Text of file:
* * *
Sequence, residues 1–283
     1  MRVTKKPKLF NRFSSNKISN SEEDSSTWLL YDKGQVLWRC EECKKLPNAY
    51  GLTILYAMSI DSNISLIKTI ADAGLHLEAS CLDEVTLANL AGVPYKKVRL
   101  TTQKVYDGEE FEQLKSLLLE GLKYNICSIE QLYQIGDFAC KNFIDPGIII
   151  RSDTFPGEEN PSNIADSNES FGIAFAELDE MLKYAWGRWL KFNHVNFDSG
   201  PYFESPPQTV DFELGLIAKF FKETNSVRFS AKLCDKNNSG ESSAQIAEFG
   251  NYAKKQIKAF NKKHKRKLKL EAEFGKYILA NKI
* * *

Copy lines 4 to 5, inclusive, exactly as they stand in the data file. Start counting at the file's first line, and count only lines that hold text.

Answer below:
   101  TTQKVYDGEE FEQLKSLLLE GLKYNICSIE QLYQIGDFAC KNFIDPGIII
   151  RSDTFPGEEN PSNIADSNES FGIAFAELDE MLKYAWGRWL KFNHVNFDSG